FLOWER SCULPTURES PARADE IN ZUNDERT, NETHERLANDS
Bloemencorso, the annual parade of flowers in Zundert. Despite the relatively small nature of Zundert (a small town with a population of about 20,000) the variety of and ingenuity of these sculptures seems to know no bounds. [via thisiscolossal]
These are amazing!
People ask why I want to have an exhibition in the streets, but have you been to an art gallery recently? They’re full.
For an ongoing series entitled Out of the Bowl, Cambria, California-based designer Thad Markham creates awesome sculptures depicting vibrantly-coloured pieces of anthropomorphic fruit that have snuck out of their bowls, bags, and crisper drawers to have a bit of fun. Some of them dance, wrestle or spar with each other, others mediate, and some simply lounge about holding hands.
"It all started with the bananas. One bright sunny morning he was sitting at breakfast and his glance fell on a bunch of bananas on the table. “That’s funny,” he said to himself, “it almost looks like they’re dancing.” Thus began his preoccupation with the secret lives of fruits and vegetables…he began haunting the produce department of the grocery store, his mind captivated with a single burning question… What do the fruits and vegetables do at night when no one is watching?"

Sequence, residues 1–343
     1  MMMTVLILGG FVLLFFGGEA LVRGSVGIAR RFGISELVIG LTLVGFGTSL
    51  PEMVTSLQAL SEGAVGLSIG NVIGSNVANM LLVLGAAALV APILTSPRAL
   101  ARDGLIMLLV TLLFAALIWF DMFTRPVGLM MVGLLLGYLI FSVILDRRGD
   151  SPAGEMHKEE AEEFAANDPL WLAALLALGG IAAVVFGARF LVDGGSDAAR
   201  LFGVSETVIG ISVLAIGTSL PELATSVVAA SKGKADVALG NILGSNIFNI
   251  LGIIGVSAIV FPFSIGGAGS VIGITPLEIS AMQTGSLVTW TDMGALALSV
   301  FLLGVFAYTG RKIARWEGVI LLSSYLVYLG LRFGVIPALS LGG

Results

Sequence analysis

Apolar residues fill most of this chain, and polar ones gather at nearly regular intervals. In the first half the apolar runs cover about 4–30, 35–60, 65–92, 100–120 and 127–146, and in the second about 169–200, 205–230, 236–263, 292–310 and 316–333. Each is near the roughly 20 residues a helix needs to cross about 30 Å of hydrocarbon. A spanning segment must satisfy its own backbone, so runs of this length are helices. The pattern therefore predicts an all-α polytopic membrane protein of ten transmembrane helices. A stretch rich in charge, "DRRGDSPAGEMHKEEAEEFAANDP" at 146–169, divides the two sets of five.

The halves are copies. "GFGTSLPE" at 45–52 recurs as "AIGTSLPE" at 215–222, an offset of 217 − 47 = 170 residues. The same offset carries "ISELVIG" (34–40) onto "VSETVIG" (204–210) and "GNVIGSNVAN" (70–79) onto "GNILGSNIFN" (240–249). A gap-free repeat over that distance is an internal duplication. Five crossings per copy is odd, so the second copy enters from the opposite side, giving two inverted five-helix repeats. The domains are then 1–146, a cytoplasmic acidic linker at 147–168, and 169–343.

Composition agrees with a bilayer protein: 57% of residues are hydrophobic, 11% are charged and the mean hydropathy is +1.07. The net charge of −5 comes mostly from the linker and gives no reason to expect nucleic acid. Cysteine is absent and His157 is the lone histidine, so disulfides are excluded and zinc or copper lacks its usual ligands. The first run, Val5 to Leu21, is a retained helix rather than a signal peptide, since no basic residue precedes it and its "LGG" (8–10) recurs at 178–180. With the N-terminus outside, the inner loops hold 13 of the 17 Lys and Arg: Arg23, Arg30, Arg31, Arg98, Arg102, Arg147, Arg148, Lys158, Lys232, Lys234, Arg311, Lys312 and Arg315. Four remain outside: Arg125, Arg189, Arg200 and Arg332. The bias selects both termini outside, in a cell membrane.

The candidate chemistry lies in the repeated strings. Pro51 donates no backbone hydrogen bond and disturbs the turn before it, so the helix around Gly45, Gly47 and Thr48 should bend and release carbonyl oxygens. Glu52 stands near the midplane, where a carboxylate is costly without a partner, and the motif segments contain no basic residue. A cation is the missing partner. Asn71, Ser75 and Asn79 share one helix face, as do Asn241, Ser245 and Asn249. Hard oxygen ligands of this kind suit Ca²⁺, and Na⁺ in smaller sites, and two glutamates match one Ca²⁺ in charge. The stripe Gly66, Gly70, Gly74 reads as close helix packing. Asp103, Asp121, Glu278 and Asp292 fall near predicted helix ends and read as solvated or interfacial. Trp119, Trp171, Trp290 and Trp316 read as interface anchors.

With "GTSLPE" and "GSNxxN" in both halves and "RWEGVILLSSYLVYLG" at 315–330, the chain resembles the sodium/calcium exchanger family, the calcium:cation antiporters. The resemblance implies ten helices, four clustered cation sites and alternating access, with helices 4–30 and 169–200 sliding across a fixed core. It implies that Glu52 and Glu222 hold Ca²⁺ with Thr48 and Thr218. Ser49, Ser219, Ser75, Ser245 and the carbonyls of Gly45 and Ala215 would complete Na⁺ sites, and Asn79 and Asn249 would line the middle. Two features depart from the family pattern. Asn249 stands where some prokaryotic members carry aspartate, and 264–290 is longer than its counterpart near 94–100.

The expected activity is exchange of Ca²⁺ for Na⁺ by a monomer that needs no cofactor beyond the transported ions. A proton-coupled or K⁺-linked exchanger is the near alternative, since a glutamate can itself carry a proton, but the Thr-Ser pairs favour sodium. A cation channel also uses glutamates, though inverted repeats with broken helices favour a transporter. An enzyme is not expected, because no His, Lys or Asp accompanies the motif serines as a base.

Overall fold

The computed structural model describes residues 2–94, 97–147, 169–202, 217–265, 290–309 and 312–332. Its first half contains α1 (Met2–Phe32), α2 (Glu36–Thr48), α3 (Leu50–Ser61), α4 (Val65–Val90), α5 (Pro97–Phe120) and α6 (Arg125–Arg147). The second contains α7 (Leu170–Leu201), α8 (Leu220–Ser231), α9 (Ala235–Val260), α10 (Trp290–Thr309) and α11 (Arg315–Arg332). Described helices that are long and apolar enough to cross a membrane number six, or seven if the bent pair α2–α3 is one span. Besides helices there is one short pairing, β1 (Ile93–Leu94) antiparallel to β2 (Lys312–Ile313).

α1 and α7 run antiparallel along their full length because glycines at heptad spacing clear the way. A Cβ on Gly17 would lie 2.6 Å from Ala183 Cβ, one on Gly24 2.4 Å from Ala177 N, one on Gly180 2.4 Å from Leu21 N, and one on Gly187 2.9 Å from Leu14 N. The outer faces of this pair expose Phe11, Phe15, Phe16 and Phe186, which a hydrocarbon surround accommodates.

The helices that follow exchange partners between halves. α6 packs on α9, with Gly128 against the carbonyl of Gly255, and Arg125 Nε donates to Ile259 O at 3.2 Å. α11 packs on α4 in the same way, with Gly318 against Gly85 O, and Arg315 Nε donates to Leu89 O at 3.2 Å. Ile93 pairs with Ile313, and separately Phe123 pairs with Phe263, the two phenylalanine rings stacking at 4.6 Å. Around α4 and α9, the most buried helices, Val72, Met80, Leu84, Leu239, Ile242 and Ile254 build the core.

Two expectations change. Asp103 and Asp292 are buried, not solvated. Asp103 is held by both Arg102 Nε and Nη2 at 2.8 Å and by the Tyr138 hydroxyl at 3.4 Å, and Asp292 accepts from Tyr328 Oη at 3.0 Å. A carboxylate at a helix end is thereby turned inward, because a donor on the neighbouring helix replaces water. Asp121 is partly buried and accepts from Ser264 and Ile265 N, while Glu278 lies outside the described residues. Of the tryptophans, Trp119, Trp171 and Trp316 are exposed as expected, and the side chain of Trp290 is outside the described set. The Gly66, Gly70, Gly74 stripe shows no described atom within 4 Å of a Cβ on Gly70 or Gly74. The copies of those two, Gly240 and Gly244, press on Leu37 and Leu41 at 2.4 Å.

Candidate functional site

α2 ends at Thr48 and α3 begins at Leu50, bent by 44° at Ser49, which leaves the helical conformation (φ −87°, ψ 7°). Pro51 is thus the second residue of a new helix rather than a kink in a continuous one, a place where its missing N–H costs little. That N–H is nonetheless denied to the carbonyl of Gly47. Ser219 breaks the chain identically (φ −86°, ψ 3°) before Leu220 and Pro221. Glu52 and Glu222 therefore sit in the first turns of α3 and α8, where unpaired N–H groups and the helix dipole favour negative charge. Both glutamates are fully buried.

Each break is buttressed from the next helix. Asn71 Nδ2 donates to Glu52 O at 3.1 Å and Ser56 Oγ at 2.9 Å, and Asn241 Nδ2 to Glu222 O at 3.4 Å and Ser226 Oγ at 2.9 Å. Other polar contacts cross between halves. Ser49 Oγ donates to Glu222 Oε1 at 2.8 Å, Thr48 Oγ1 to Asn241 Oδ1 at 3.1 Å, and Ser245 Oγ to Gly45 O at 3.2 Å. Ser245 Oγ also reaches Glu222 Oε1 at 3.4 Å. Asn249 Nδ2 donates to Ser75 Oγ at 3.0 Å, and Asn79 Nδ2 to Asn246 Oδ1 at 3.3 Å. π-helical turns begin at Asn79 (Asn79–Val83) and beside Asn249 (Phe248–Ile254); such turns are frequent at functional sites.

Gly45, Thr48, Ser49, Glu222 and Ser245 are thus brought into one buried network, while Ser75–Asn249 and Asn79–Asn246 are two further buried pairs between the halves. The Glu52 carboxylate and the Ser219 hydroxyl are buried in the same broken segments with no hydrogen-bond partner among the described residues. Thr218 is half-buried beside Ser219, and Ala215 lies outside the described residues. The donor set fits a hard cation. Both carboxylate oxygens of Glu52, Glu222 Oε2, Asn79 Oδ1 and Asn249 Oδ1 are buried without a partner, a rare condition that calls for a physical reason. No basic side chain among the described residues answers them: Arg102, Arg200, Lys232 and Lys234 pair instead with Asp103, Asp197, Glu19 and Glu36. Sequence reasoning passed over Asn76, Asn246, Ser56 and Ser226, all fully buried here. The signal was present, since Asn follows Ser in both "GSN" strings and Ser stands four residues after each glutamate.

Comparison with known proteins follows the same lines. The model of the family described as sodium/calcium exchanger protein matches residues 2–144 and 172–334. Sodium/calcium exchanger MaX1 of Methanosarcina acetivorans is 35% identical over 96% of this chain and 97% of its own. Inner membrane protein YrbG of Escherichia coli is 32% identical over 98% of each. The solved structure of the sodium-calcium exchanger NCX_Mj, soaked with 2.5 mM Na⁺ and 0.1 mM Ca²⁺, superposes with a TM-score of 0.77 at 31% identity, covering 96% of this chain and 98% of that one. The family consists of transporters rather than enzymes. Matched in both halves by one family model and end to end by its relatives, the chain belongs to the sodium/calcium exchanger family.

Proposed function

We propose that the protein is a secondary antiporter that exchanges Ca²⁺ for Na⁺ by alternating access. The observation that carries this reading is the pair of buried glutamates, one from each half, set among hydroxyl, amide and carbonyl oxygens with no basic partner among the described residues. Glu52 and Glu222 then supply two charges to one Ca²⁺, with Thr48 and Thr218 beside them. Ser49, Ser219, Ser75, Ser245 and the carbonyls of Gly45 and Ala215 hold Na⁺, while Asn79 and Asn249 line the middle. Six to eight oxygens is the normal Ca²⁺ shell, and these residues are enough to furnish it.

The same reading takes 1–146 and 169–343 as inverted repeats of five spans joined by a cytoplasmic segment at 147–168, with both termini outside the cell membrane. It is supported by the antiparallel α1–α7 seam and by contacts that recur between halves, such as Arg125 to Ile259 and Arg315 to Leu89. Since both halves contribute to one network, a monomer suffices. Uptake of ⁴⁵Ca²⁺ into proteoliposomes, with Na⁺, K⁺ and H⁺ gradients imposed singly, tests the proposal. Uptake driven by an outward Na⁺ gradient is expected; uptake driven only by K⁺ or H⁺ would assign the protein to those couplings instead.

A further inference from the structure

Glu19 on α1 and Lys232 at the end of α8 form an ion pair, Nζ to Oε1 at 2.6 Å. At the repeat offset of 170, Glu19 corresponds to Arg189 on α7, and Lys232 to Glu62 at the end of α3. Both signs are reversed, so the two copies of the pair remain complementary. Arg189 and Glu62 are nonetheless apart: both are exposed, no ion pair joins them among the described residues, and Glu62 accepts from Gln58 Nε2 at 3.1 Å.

[via Sweet Station]
i would love to do something like this, but less gritty/dirty, more glam/chic.
Have you ever seen a more melancholy pile of pasta? Entitled Le Solitaire, this surprisingly emotive sculpture of an enormous anthropomorphic heap of noodles slumped on a little chair is the work of French sculptor Theo Mercier. In 2010 it was exhibited at the Musée d’Art Moderne in Paris.
In reality, the surreal figure is nothing more than a pile of silicone coated cords. Using two large, blue eyes and an intentional body gesture, Mercier has created a sense of vulnerability, saying that this sculpture is “The one who is showed, who is watched, he is unique and alone because he is a monster. It tells a lot about the idea of exposure.”
We hope at least one brave person went up and gave this awesome sculpture a great big hug, because we sure want to. Sometimes even noodles need a little love and reassurance.
[via My Modern Metropolis]
For this week’s Saturday Safari I’ve chosen Nick Brandt. Nick’s photography is immediate and passionate. It resolves a sense of awe to the viewer and also imparts a sense of urgency over the protection of wildlife habitats. Check out more of Brandt’s work:
Thompson continues to play with the elements—submerging himself in lakes and muddy puddles, exposing random limbs poking out from the earth, and setting himself on fire. His images have a beautiful sense of movement to them, especially in the recurring presentation of the fluidity of windswept fabric, which often complements his serene expression. Many of the photographer’s images alternate between presenting a visual interpretation of inhaling a breath of fresh air and being suffocated by some unnatural force. However, both of these approaches offer something surreally exquisite.
Requiring over 30,000 folded components, the artist relied on help from school children and people living in nearby “leisure centers” to help complete all of the pieces in time for installation. Hundreds of additional volunteers were on-hand to help cover a stairwell leading to Montée St-Maurice which was completed on May 31st.